A history of the Aurora Mennonite Church

by John Kudley
The first meeting house of the Aurora Mennonite Church was a vacant one-room schoolhouse located near the junction of Bartlett and Elliman roads.

In the early years of the 1800s, Aurora’s first settlers from New England came to the Western Reserve seeking new lands upon which they could improve their economic futures. They brought with them strong Christian beliefs. One hundred years later, another group of settlers came into the community seeking economic opportunity and the belief in the continuation of the ministry of Christ. Members of this immigrant group came from various parts of the country including Nebraska and Missouri as well as from parts of Ohio, especially Holmes County. Many traveled overland by wagon while others came via railroad. In 1911, Sam and Mary Yoder loaded their family belongings, “four horses, one cow and some chickens on a railroad car.” Sam traveled with the belongings from Missouri to Aurora. Upon arrival he wired Mary to bring the rest of the family. The first immigrants arrived as early as 1893. By 1903 the Mennonites had established a “community of like-minded people” in the southern portion of Aurora. Over the years since their arrival, the Mennonites have been vital contributors to Aurora’s economic, social and political development.

Aurora’s early economic success was focused on the cheese industry. By the turn of the 19th century, improvements in transportation and the introduction of refrigerated train cars brought about a change in the dairy industry. With the construction of the Erie Railroad, it became more profitable to ship milk to Cleveland and Pittsburgh for processing. This economic shift and the availability of inexpensive farm land attracted Mennonites to the area. Historically Mennonite farmers were constantly “land scouting” in search of tracts that were suitable for family farms. Aurora provided both farm land and easy access to the railroad.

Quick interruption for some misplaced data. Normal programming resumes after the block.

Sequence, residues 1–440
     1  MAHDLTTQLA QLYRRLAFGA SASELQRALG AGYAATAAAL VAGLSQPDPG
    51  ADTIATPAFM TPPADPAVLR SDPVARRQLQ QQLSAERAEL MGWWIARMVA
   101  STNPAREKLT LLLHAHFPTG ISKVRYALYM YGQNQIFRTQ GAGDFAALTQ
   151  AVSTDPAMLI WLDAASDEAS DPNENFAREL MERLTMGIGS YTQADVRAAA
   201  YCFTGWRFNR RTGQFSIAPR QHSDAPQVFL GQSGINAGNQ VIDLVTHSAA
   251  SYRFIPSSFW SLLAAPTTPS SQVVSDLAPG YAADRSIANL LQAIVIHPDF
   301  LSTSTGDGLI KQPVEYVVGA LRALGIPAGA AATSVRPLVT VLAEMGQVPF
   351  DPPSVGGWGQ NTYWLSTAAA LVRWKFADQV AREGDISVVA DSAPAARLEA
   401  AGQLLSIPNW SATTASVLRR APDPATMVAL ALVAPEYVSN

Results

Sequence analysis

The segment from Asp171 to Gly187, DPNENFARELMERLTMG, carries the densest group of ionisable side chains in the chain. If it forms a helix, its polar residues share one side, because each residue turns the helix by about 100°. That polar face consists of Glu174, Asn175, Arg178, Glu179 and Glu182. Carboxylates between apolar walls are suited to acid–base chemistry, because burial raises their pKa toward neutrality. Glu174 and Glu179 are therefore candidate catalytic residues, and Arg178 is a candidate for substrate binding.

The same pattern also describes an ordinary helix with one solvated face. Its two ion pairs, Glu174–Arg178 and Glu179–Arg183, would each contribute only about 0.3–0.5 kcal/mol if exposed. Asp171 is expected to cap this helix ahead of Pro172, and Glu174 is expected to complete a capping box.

This photo of the Aurora Mennonite Church was taken in 1912. Members had a “plain view” of the surrounding fields. The original meeting house is visible in the background.

While tending to their dairy herds, the Mennonites also tend to their religious needs. The first few Mennonite families that settled in Aurora met in the homes of members for religious services and were periodically visited by itinerant pastors. It was reported in the Gospel Herald, the weekly publication of the Mennonite Church from 1908-1998, that the small contingent of followers was a “shepherdless flock.” According to an unidentified source, it wasn’t until May 1906 that a “….church and Sunday school with six or eight members” was organized. A.A. Miller was elected as superintendent of the school, with A.J. Stutzman as assistant superintendent and Mary Stutzman as secretary-treasurer. The meeting took place in a vacant schoolhouse located on the southeast border of Aurora with Mantua on the corner of Bartlett and Elliman roads. The schoolhouse was made available as the result of the community’s consolidation of students with the opening of the area’s first centralized schools (now city hall). The schoolhouse was leased from the board of education.

The organization of the church’s first ministerial team began with the assignment of Elias B. Stoltzfus by the Mennonite Mission Board to Aurora in March 1909. He was ordained as bishop of the Aurora congregation in 1916 and served until his death in 1942. As was the custom, at that period of time, a “single ministry” was not very common within the Mennonite Church. As a result Stoltzfus was joined in 1910 with the ordination of Alex Stutzman as a deacon who served in that capacity until his death in 1943. Daniel Raber joined the ministerial team in 1911 and remained with the church until the death of his wife in 1922. The final member of the team was Abram W. Hershberger. He joined the congregation in 1912 and served as a minister until the death of his wife in 1920. Within three years after its organization the Aurora Mennonites had a “full bench.”